Thursday, May 21, 2015
Today Murakami san installed a bulkhead and two main beams in the boat. The joinery is very interesting, but well understood within the Japanese boatbuilding tradition. Many types of small boats (and Edo-era ships) were framed with only horizontal beams, which typically were through-tenoned in the planking and wedged. I will leave it to captions, below, to try and describe the process.
Murakami san pounding the endgrain of the bulkhead, while Angela looks on. An earlier post talks about kigoroshi, pounding faying surfaces to get a watertight fit. Basically this is Murakami san's go-to technique, at the expense of other techniques I have been taught in Japan. The compressed wood fibers will swell tight in the seam once the boat is in the water.
Murakami san using a saw to fit the bottom of the bulkhead to the plank keel. This is called suriawase, a technique commonly used by boatbuilders, but used only rarely (perhaps only here) by Murakami san.
He used an L-shaped took to reach inside the beam mortise and pound its edges.
The beam is passed through one mortise far enough so the other tenon can drop inside the boat and be inserted in its mortise. The tenons are shouldered on the top only.
Murakami san drives the beam back until it shoulders against the planking on the right.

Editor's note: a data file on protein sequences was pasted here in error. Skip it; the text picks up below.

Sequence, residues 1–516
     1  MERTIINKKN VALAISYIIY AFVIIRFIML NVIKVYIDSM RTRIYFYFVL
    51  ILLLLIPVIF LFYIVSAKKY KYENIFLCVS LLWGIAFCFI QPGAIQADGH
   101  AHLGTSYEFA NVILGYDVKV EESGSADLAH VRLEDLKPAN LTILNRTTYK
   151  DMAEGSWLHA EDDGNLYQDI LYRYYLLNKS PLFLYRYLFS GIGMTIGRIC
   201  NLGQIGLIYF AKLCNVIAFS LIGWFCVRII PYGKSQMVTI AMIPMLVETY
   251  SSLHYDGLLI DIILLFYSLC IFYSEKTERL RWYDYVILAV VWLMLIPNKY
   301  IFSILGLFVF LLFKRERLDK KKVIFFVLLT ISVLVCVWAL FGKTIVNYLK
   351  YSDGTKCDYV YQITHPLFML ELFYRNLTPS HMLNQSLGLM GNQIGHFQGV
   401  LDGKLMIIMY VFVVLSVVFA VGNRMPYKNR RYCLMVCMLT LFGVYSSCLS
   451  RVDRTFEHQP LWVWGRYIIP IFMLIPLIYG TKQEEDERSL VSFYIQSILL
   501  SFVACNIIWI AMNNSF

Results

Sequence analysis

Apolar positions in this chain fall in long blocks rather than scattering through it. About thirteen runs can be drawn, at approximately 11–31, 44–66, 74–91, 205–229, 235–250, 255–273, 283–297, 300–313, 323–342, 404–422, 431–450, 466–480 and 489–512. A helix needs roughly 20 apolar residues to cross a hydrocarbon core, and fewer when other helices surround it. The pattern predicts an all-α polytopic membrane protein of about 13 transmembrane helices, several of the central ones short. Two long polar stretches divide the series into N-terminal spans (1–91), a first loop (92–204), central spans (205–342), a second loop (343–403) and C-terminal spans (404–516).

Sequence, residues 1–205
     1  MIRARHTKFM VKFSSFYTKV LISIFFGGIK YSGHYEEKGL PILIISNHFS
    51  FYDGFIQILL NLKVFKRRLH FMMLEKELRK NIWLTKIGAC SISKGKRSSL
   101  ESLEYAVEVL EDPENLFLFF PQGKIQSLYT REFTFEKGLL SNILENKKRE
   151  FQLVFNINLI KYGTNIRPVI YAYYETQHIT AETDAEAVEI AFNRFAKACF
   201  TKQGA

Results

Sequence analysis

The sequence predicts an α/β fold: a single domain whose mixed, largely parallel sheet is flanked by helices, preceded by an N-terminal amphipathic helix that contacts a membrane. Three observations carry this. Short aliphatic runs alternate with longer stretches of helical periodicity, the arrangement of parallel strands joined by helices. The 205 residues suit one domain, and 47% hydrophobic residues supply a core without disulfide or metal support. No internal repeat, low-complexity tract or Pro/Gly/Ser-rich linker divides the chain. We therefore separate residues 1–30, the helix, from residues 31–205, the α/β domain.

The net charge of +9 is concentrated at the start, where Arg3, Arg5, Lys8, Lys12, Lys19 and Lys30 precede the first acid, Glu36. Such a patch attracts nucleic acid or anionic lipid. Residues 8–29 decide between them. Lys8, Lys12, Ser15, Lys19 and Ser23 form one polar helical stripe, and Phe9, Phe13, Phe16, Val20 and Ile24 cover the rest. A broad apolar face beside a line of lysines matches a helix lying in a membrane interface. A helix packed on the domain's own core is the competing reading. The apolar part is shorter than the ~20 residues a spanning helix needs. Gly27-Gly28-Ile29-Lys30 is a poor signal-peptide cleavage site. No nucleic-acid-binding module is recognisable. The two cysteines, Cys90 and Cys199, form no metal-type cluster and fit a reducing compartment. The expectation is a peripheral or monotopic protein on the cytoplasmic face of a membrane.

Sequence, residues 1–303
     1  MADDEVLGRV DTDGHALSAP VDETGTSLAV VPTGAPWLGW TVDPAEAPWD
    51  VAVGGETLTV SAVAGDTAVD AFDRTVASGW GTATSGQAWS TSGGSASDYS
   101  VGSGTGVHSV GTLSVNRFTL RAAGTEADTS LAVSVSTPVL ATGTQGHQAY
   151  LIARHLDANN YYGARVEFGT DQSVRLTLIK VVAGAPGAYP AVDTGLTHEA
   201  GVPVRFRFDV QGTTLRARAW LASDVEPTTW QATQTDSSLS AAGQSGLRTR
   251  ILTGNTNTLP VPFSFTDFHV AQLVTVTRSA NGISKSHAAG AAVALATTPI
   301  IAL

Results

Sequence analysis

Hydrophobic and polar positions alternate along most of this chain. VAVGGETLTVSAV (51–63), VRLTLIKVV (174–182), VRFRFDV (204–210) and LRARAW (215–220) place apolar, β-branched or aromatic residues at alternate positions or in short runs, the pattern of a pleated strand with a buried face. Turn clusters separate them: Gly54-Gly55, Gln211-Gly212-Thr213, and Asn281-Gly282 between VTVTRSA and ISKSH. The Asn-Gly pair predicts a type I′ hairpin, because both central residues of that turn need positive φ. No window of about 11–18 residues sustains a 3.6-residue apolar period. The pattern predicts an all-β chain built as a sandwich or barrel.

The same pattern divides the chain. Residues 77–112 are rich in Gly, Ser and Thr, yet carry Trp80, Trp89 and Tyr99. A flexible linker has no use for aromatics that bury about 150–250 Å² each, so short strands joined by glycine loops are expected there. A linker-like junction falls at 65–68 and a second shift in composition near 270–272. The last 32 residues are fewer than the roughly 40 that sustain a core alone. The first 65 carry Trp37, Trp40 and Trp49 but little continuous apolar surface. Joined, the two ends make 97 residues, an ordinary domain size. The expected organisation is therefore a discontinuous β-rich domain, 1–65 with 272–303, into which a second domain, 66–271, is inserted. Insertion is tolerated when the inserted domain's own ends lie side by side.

He then wedges the hull open about 3/4 of an inch on the starboard side.
Note the angled cut in the beam. The piece on top is the offcut, let's call it a key. He has spread glue on the beam and the offset will fit tightly back in place, but note the small wedge-shaped "tenon" left at the other end of the key. This will fill the top of the mortise and lock the key in place.
The finished joint seen from inside the boat. The beam rests on top of the bulkhead.
The mortise flares open aft and Murakami san inserted a cedar wedge, spreading the beam end to fill the mortise. This gets cut off almost flush later. The beams are hinoki.
Angela and I have talked about how crucial kigoroshi is to Murakami san's building and we recognize that we need to make step-by-step, detailed documentation of how he uses this technique. We'll have lots of photos and video but Angela is working on drawings showing the process.